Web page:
Model View Controller

The World Wide Web is the ultimate MVC framework. URIs are the models controlled by HTTP and viewed through HTML. While the view may seem like the least significant component, it is the simplicity of HTML that is responsible for the explosive growth of the Web.

There was nothing new about markup languages. Standard Generalised Markup Language had been around for years. Before that, red pens allowed editors to literally mark up text to indicate meaning.

Like SGML, HTML used tags — delineated with angle brackets — to nest parts of a document in descriptive containers called elements. The P element can be used to describe a paragraph, the H1 element describes a level one heading, and so on.

Alpha and Omega

The shortest element is the most powerful. A stands for anchor. Nestled within the anchor element is the href attribute. This attribute, short for hypertext reference, is the conduit through which the dreams of Leibniz, Joyce, and a thousand conspiracy theorists can finally be realised.

The vision I have for the Web is about anything being potentially connected with anything.

Anybody could create anchors containing hypertext references. Just about everybody did. The Web grew exponentially in size and popularity. With every new web page and every hyperlink, the expanding Web became a more valuable and powerful aggregate resource.


This power was harnessed by Sergey Brin and Lawrence Page. The concept behind their PageRank algorithm is simple: links are a vote of confidence. If a lot of links point to the same page, that page is highly regarded. By combining this idea with traditional page analysis, they created the best search engine on the Web; Google.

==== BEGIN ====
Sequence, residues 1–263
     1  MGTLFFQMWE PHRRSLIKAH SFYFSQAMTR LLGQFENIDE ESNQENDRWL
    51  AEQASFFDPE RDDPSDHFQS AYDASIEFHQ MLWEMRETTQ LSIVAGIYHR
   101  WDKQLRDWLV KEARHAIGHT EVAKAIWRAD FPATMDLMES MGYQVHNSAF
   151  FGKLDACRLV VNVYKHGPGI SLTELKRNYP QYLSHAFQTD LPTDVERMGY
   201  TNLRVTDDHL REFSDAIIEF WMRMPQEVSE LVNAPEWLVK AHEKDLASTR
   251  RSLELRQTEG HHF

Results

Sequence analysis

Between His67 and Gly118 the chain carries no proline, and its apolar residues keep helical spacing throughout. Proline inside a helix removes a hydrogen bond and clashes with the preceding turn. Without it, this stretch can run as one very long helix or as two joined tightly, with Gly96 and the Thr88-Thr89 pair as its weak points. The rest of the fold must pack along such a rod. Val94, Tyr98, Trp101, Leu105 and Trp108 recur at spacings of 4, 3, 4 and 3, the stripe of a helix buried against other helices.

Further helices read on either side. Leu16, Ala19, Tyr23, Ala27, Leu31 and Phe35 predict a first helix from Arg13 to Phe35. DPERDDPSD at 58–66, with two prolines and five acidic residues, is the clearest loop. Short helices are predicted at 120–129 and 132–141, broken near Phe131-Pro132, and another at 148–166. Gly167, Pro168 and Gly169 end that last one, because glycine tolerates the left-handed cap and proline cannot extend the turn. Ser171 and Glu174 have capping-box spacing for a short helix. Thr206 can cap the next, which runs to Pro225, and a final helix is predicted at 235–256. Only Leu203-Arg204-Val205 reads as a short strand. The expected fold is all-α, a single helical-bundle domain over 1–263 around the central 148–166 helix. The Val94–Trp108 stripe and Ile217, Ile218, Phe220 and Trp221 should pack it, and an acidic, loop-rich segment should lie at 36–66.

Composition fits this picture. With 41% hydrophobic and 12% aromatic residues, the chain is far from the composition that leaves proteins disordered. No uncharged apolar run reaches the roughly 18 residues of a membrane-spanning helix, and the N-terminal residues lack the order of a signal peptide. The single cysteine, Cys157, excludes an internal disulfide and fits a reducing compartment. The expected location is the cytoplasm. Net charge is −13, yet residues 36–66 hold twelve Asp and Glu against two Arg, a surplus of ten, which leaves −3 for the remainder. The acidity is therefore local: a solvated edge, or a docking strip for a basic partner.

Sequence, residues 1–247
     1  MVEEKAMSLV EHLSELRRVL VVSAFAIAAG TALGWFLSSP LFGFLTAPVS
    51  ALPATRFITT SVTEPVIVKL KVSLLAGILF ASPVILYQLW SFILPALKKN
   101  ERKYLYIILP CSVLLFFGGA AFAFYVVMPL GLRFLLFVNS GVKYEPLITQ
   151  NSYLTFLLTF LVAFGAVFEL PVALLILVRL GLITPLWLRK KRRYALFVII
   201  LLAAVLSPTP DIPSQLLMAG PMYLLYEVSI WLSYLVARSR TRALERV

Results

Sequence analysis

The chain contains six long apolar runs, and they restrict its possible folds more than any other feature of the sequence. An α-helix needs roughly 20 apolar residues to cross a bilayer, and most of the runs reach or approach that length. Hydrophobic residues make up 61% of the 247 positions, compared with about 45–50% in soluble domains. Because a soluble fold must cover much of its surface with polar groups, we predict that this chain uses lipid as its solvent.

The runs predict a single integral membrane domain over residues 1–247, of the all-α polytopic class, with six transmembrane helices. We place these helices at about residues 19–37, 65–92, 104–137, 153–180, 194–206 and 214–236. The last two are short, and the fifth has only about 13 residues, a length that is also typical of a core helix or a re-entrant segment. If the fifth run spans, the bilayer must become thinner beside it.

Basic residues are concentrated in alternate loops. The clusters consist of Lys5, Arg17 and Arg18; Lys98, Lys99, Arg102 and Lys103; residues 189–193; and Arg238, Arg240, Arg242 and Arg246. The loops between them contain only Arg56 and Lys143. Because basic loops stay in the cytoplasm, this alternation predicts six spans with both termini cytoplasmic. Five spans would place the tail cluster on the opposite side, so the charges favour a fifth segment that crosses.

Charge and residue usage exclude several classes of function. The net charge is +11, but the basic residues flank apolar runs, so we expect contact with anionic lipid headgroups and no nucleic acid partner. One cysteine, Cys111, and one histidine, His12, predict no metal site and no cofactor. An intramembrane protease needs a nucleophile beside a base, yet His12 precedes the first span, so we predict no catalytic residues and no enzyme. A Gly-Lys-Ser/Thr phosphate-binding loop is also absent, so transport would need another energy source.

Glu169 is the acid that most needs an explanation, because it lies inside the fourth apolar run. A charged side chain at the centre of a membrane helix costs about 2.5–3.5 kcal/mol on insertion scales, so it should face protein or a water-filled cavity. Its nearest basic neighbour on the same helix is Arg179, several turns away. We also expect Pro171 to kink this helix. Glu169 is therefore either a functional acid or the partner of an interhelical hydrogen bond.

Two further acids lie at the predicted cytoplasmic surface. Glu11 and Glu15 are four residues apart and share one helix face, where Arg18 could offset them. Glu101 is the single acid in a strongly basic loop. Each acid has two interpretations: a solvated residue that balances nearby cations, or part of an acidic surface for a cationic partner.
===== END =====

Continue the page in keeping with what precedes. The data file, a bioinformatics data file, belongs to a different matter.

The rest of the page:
In order to measure the PageRank of everything on the Web, the googlebot spider was unleashed. In some ways, the googlebot is like any other user agent: it visits web pages and follows links. It’s also possible to see the googlebot as a kind of quantum device.

Schrödinger’s cat

When you or I visit a web page that has, say, ten links, there are two theories about what happens. According to superposition, the next page we visit exists only as a probability. Not until we make a decision and click on a link does the page resolve into one of the ten possibilities.

The multiverse

The alternative view is the many worlds interpretation. According to this theory, visiting a page with ten links would cause the universe itself to branch into ten different universes. You or I will remain in the universe that matches the link we clicked. But the googlebot is different: it follows all ten links at once, spidering alternate worlds.

September 19th

I have first hand experience of Google’s stockpile of parallel universes. To celebrate Talk Like a Pirate Day, I created a simple server-side script. You can pass in the URL of a web page and the script will display the contents interspersed with choice pirate phrases such as “arr!”, “shiver me timbers!”, and “blow me down!”. The script also rewrites any hrefs in the page so that the pages they point to are also run through the pirate-speak transmogrifier.